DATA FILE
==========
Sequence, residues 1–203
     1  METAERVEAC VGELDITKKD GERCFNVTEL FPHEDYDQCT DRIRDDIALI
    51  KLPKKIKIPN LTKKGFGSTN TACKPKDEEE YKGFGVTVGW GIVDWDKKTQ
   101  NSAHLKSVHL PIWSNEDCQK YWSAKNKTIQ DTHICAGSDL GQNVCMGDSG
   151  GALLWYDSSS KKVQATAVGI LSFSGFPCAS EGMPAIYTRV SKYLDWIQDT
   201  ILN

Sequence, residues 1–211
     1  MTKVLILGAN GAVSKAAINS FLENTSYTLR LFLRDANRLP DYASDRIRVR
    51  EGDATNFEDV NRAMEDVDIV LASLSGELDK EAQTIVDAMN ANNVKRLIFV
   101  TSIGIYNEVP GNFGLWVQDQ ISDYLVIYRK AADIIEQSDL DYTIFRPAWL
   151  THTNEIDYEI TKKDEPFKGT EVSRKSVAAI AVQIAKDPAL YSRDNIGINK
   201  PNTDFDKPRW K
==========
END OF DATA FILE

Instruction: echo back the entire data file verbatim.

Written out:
Sequence, residues 1–203
     1  METAERVEAC VGELDITKKD GERCFNVTEL FPHEDYDQCT DRIRDDIALI
    51  KLPKKIKIPN LTKKGFGSTN TACKPKDEEE YKGFGVTVGW GIVDWDKKTQ
   101  NSAHLKSVHL PIWSNEDCQK YWSAKNKTIQ DTHICAGSDL GQNVCMGDSG
   151  GALLWYDSSS KKVQATAVGI LSFSGFPCAS EGMPAIYTRV SKYLDWIQDT
   201  ILN

Sequence, residues 1–211
     1  MTKVLILGAN GAVSKAAINS FLENTSYTLR LFLRDANRLP DYASDRIRVR
    51  EGDATNFEDV NRAMEDVDIV LASLSGELDK EAQTIVDAMN ANNVKRLIFV
   101  TSIGIYNEVP GNFGLWVQDQ ISDYLVIYRK AADIIEQSDL DYTIFRPAWL
   151  THTNEIDYEI TKKDEPFKGT EVSRKSVAAI AVQIAKDPAL YSRDNIGINK
   201  PNTDFDKPRW K